Standards and proprietary extensions¶
All converters are in some way or the other compliant with the established standards. However the showcases show that the rendering behaviors - partly because of bugs and partly because of ambiguties in the standard or because the standard leave room for interpretation. All converters implement on top of the standard their own extensions for providing additional functionalities that are not (yet) part of the related standards. This makes it more complicated for choosing the right tool. For more complex layout requirements you need to know the tools in detail and check if a particular requirement is supported by a certain tool - often you need to think about workaround for implementing a particular functionality (e.g. sidenotes are only supported by Antennahouse as propriertary extension, same for footnotes within a multi-column layout within the same column). In addition: none of the converters implements the CSS Paged Media standard completely. The vendor specific extensions makes interoperability hard. You can not expect that converters will produce the identical results with identical content and styles.
All converters work with the most common images formats (GIF, PNG, JPG) and vector graphics (SVG). RGB and CMYK color spaces are supported. The major problem with graphics is automatic positioning and resizing of images. CSS provides a limited options for influencing image placement and positioning especially in edge cases where an automatic size reduction of images could result in a better layout. Tools like PDFreactor provide limited access to the renderer internals in order to implement an adaptive image layout.
PDF forms are widely available and used. PDFreactor is the only tool that can generate PDF files with forms support.
Support for line grids or grids in general is an upcoming features. There is an
W3C draft CSS Line Grid Module Level 1 in the making. The this time there
is only support for line grids in PDFreactor Version 8
through vendor specific properties
The status of grid support in Antennahouse is unclear. No support for grids
in PrinceXML and Vivliostyle.
Multimedia (video and audio)¶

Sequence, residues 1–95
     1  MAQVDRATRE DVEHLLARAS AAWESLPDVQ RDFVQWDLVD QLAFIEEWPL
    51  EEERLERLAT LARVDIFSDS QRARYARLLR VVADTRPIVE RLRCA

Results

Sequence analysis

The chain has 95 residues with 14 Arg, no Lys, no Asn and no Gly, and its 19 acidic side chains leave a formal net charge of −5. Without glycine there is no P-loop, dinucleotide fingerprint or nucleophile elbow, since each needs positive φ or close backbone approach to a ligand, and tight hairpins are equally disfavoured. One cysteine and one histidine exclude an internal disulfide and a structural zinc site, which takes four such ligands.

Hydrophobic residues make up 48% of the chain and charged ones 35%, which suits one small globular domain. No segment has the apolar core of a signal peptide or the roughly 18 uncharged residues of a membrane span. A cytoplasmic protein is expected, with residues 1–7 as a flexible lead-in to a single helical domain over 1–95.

While PDF allows the embedding of multimedia content like video and audio, the overall value is questionsable. Antennahouse is the only tool supporting multimedia content in PDF files. The only PDF reader on the market with multimedia support seems to be Acrobat (Reader). The standard PDF viewer on MacOSX (“Preview”) does not support multimedia PDF files. So the toolchain for generating multimedia PDFs is limited and the tool options on the consumer side are even more poor.
Further PDF features¶
Advanced features like
- digital signatures
- tagged PDFs
- accessible PDFs
- archive PDFs (PDF/A)
are best supported by Antennahouse and PDFreactor.
XML vs. HTML¶
All converters are in general capable to convert XML to PDF by using the
display: CSS property that allows to specify the semantics of an XML
display: block or
display: table-cell. However using HTML
over XML has a significant advantage - at least when using PDFreactor or
etc. When dealing with XML you usually have a transformation pipeline for
generating an equivalent HTML representation of XML input. Use XML as input is
doable but I do prefer using HTML as input for the mentioned reasons.
Missing features and major pain¶
Shapes and exclusions¶
There is a W3C CSS draft for shapes and exclusions however none of the converters support this draft sofar. Vivliostyle implements support for shapes and exclusions through <EPUB Adaptive Layout <http://www.idpf.org/epub/pgt/>`_ - however this approach is pretty weird.
Better and more flexible support for floats¶
All converters support the standard
float: left and
properties (in particular for images combined with text). Vendor specific
extensions are implemented (by Antennhouse in particular).
Support for influencing the rendering process¶
For a quick benchmark of the tools I used the Oxygen Userguide. I converted the user guide to a single HTML file (20 MB) using the DITA OT and converted it using all four converters (4 CPU box, 2.4 GHz, 8 GB RAM). The result PDF files have been 2200 and 2400 pages.
|150 secs||24 secs||220 secs||90 secs|
Which tool should I choose?¶
The general rule in my experience is: you get what you pay for. The open-source solution Weasyprint will work for standard requirements without fancy layout requirements. PDFreactor and PrinceXML provide worked both for us in enterprise projects. Our current preference is PDFreactor because of the better documentation and the lower price compared to PrinceXML. Antennahouse is more expensive (you pay for each CPU and each extension) but it provides several extensions (e.g. better float support) that might be needed in your projects. So there is no general recommendation possible. The choice of a tool depends on your requirements and budget. (ZOPYX offers a vendor-neutral consulting on CSS Paged Media issues).